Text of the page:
BYU basketball’s season of unfortunate events comes to a close


BYU freshman Colby Leifson shoots a 3-pointer during BYU’s 105-89 loss to UT Arlington in the NIT tournament. Leifson’s 10 points in the last three minutes of the game wasn’t enough to help the Cougars come back. (Photo by Rebecca Lane/UV360)

BYU basketball’s Wednesday night loss to UT Arlington was the perfect summary of the Cougars 2016-17 season: personnel problems, turnovers by the armful and the inability to defend the perimeter.

The Cougars never led in the 105-89 loss in the National Invitational Tournament.

Going into Wednesday night’s game, the No. 3-seeded Cougars lost another starting guard Elijah Bryant. He re-injured the knee he had a procedure on earlier this season.

With yet another untimely injury, Rose looked down his bench to redistribute playing time. That led to multiple lineups the Cougars hadn’t worked with during the season. BYU junior guard Davin Guinn filled in the remaining spot in the starting lineup, which was his first BYU career start. Then less-seasoned players BYU freshmen Steven Beo and Zach Frampton, picked up 23 and 17 minutes, respectively. Frampton had only played a total of 34 minutes throughout the season.

“Basically on just practice time and then things we thought we would need in this game,” Rose said on how he decided to redistribute minutes. “We really thought defensively we needed guys who would really play hard and (Guinn) and (Frampton) are those guys.”

BYU freshman TJ Haws is fouled while driving to the basket during a game against UT Arlinton in the NIT tournament. Haws, who was sick, scored 11 points in the 105-89 loss to the Mavericks. (Photo by Rebecca Lane/UV360)

Beo, Frampton and Guinn contributed minimally to the offense with 4, 3 and 2 points, respectively.

Then there was another problem: another onslaught of sickness was passing though the team. BYU freshman TJ Haws caught the same bug Tuesday night that had kept BYU freshman Yoeli Childs out of practice the majority of last week.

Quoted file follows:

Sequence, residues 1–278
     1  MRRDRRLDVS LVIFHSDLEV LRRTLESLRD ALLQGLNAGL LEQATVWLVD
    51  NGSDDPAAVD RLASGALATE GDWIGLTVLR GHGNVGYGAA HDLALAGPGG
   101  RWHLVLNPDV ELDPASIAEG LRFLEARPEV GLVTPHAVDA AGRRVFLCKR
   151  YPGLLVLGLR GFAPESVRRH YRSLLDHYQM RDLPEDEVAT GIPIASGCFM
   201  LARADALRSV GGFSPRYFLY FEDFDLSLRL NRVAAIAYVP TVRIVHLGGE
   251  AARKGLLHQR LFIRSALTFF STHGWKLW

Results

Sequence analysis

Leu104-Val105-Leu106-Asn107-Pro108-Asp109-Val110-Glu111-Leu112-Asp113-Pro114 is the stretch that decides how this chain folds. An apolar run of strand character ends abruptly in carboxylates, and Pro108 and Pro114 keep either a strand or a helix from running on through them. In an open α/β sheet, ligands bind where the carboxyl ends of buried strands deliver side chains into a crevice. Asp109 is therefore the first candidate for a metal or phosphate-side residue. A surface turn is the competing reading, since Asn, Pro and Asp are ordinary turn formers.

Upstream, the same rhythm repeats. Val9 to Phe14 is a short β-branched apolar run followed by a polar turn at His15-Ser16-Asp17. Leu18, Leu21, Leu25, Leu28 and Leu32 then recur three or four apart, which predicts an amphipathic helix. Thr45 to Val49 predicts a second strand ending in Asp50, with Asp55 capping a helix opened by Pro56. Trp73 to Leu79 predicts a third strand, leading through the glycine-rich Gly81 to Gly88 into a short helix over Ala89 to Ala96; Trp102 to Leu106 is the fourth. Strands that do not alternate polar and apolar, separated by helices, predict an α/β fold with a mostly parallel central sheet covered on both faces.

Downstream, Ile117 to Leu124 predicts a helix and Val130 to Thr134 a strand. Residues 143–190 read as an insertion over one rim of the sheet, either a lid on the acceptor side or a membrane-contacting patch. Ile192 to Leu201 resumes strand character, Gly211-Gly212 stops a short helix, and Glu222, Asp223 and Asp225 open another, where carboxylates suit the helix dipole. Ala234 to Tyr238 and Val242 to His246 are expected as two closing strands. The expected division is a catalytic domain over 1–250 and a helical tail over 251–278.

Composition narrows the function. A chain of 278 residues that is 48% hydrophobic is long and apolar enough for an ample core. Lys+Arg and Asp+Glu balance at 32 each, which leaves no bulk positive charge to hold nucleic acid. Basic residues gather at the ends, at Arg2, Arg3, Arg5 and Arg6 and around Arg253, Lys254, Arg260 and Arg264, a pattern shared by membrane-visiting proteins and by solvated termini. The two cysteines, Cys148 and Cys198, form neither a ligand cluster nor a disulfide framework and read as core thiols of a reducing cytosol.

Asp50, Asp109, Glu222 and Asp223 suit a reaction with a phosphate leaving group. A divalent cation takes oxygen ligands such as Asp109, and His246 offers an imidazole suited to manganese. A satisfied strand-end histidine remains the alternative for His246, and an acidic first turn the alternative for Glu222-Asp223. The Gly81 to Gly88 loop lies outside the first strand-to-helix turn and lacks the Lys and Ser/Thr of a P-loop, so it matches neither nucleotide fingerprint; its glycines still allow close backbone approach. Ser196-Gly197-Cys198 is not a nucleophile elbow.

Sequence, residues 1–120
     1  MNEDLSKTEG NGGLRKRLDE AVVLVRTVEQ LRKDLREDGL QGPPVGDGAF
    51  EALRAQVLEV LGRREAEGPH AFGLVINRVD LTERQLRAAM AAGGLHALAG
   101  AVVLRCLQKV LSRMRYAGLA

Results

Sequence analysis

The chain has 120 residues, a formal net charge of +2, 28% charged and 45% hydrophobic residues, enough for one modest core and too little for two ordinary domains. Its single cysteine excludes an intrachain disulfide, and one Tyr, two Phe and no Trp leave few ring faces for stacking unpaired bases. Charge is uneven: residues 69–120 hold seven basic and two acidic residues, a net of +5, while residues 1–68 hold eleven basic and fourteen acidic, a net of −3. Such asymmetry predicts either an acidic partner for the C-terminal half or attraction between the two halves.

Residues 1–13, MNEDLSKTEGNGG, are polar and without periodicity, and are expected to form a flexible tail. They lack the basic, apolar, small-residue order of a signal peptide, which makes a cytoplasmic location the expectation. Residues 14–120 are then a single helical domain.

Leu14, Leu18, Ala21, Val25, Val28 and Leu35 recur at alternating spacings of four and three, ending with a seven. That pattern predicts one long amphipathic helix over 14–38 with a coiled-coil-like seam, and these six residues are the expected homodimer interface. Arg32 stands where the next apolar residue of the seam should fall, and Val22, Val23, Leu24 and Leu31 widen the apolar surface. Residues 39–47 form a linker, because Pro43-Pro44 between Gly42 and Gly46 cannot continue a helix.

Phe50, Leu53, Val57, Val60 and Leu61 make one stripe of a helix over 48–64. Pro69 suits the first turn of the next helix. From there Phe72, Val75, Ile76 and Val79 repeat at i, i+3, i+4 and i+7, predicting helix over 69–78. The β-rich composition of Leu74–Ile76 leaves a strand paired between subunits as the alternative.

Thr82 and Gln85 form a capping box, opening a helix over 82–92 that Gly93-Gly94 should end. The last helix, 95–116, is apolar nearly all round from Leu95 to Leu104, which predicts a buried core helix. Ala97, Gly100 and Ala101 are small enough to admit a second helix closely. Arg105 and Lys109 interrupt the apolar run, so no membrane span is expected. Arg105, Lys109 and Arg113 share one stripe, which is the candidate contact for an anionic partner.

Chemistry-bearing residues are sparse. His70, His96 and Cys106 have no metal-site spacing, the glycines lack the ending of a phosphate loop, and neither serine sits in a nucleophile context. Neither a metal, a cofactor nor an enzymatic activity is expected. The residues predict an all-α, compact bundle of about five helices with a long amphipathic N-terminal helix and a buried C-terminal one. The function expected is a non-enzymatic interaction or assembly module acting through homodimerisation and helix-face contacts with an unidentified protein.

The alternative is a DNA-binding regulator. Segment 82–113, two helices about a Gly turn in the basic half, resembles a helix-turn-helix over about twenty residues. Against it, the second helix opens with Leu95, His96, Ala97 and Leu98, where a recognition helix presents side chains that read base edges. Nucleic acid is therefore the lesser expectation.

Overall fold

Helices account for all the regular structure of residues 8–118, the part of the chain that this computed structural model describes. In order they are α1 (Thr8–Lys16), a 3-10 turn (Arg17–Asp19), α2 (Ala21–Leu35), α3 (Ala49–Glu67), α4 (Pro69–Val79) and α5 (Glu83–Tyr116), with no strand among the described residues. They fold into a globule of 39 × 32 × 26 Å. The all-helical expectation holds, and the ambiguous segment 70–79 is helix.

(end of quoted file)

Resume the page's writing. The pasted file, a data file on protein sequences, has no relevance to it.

“We actually suited up one of our walk-on guys because of our point guard issue,” Rose said. “I ended up playing Nick (Emery) at the point a lot tonight and that’s not been a position he’s played in a long time. I thought TJ (Haws) competed hard and tried hard, but you could tell he wasn’t himself tonight. That’s a lot of guys just to go down and we needed one of those guys to really step up and have a big night and lead out.”

Rose worked through every player on his shortened bench, but he couldn’t find anyone until at last he put in BYU freshman Colby Leifson — but by then it was too late.

“Hindsight is 20/20,” Rose said. “Colby (Leifson) looked like he was going to be the best. He played five minutes, scored 10 points. We really needed points, especially going down the stretch in the second half.”

But Rose wasn’t looking for excuses for the loss nor the season following the game Wednesday night.

“The only thing that I can see right now is that we need to go to work,” Rose said. “Our players need to go to work, our coaches need to go to work and we need to find a group of guys that can get together and be able to overcome a lot of the issues that we weren’t able to overcome this year. And I look forward to it.”

“The only thing that I can see right now is that we need to go to work. Our players need to go to work, our coaches need to go to work and we need to find a group of guys that can get together and be able to overcome a lot of the issues that we weren’t able to overcome this year.” — Dave Rose, BYU basketball coach

Part of that work will involve finding a group that won’t turn over the ball so much. BYU turned over the ball 20 times in Wednesday night’s game, which the Mavericks converted into 32 points.

The Mavericks came into the game hot handed. While both BYU and UT Arlington came out sprinting a marathon — entering the half the Mavericks led the Cougars 62–58 — the Mavericks stayed the most offensively efficient shooting 55.3 percent from the field. On the other hand, the Cougars started the first half shooting 59.4 percent but dropped to 27.3 percent from the field in the second half.

BYU’s typical standouts BYU sophomores Eric Mika and Nick Emery led the team with 29 and 24 points, respectively.

“It’s never easy closing a season,” Mika said. “It’s a weird feeling. You’re not used to it. You lose a game and think that sucks, but we’ll pick it up, we’ll figure it out, we’ll get better. We talked about just getting better. We’ve got to remember this.”

The Mavericks advance in the NIT tournament to host No. 7 seed Akron, which upset No. 2 seed Houston on Wednesday.

Rebecca Lane

While her first language is sarcasm, Rebecca dabbles in English and Russian to achieve her lifelong dream of being a journalist. A BYU sports fan, reading enthusiast and wannabe world traveler, Rebecca is a Colorado transplant that is convinced Colorado's mountains are much larger than the many Utah County peaks. Rebecca manages for Bennett Communications. Follow her on Twitter @rebeccalane.

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